Arguing that intellectual movements, such as deconstruction, postsecularism, and political theology, have different implications for cultures and societies that live with the debilitating effects of past imperialisms, Arvind Mandair unsettles the politics of knowledge construction in which the category of "religion" continues to be central. Through a case study of Sikhism, he launches an extended critique of religion as a cultural universal. At the same time, he presents a portrait of how certain aspects of Sikh tradition were reinvented as "religion" during the late nineteenth and early twentieth centuries.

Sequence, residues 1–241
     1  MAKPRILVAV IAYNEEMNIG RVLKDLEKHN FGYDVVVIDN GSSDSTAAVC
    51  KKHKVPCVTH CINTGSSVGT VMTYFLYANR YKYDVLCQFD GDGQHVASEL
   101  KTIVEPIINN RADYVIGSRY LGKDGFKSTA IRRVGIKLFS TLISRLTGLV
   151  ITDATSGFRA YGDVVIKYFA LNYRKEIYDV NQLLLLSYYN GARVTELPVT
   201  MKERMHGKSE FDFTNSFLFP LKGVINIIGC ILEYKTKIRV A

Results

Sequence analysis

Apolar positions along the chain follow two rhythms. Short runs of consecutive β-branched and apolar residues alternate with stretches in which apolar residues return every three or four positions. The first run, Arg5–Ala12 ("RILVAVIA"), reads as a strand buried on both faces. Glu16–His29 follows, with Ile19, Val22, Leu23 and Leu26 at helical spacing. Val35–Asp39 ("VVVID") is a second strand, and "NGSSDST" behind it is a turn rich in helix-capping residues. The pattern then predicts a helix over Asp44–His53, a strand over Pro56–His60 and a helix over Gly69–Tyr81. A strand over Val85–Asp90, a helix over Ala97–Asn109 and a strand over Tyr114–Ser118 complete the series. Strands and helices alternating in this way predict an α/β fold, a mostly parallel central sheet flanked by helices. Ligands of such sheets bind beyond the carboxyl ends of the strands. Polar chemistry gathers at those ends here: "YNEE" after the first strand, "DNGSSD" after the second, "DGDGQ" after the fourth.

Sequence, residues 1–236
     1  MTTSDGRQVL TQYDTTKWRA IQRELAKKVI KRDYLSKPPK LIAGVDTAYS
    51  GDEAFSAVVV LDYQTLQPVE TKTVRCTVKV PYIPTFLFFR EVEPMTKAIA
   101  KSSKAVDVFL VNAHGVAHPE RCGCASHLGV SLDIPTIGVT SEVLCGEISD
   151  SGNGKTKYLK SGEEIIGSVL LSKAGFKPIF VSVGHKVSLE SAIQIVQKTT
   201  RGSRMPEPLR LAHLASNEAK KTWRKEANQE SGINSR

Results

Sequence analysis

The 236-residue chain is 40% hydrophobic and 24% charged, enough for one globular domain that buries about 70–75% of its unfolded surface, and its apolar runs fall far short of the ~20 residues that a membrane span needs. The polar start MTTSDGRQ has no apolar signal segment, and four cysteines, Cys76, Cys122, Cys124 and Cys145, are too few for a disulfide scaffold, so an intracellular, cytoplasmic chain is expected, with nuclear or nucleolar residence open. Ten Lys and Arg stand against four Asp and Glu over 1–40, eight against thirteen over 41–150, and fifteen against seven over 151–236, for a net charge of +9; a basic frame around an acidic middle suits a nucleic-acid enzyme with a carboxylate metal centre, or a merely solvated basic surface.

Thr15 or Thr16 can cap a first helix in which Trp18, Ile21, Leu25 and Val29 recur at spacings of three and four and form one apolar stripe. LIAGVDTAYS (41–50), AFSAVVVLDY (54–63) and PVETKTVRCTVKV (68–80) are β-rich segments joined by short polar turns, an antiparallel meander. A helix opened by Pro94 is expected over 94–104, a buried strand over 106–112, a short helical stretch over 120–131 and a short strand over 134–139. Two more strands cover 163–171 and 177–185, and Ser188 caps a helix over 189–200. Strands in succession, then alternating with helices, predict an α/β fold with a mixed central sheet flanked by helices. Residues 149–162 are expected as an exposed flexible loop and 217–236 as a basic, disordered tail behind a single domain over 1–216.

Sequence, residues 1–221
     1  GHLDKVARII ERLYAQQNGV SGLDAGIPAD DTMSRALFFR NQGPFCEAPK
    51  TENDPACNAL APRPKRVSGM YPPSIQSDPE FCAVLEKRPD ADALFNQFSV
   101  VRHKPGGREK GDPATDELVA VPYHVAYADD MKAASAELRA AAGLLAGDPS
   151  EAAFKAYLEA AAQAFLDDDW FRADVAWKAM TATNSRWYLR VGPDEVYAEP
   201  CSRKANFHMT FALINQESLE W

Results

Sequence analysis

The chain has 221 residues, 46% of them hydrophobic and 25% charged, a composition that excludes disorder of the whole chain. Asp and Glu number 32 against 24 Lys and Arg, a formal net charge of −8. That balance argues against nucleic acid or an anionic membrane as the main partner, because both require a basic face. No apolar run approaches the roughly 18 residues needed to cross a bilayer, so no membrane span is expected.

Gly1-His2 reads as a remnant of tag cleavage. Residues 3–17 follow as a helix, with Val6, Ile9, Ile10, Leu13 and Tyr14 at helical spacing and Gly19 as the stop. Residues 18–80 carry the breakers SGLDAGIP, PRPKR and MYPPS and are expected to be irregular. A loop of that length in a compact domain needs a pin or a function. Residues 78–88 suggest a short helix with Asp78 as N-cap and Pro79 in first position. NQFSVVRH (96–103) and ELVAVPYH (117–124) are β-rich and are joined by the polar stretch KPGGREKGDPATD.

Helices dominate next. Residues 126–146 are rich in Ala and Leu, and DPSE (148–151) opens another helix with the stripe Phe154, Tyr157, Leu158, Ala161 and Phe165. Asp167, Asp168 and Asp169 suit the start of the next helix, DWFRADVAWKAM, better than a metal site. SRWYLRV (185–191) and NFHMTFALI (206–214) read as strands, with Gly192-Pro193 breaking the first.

India's imperial elite subtly recast Sikhism as a mystical religion, which robbed its teachings and traditions of their political force. In turn, Sikhs began to define themselves as a "nation" and a "world religion" that was separate from but parallel to the rise of the Indian state and global Hinduism. Rather than investigate these processes in isolation from Europe, Mandair shifts the focus closer to the political history of ideas, thereby recovering part of Europe's repressed colonial memory. He brings together the theorization of religion and secularism in recent continental philosophy, the history of South Asian religions, and secular postcolonial theory. Though seemingly different, these discourses are shown to be linked to a theoretical matrix that emerges in the colonial encounter between India and the West. Mandair argues that this matrix is repeated not only in the recent resurgences of religion and identity politics in the lives of South Asians but also in the way the academy, state, and media have analyzed such phenomena.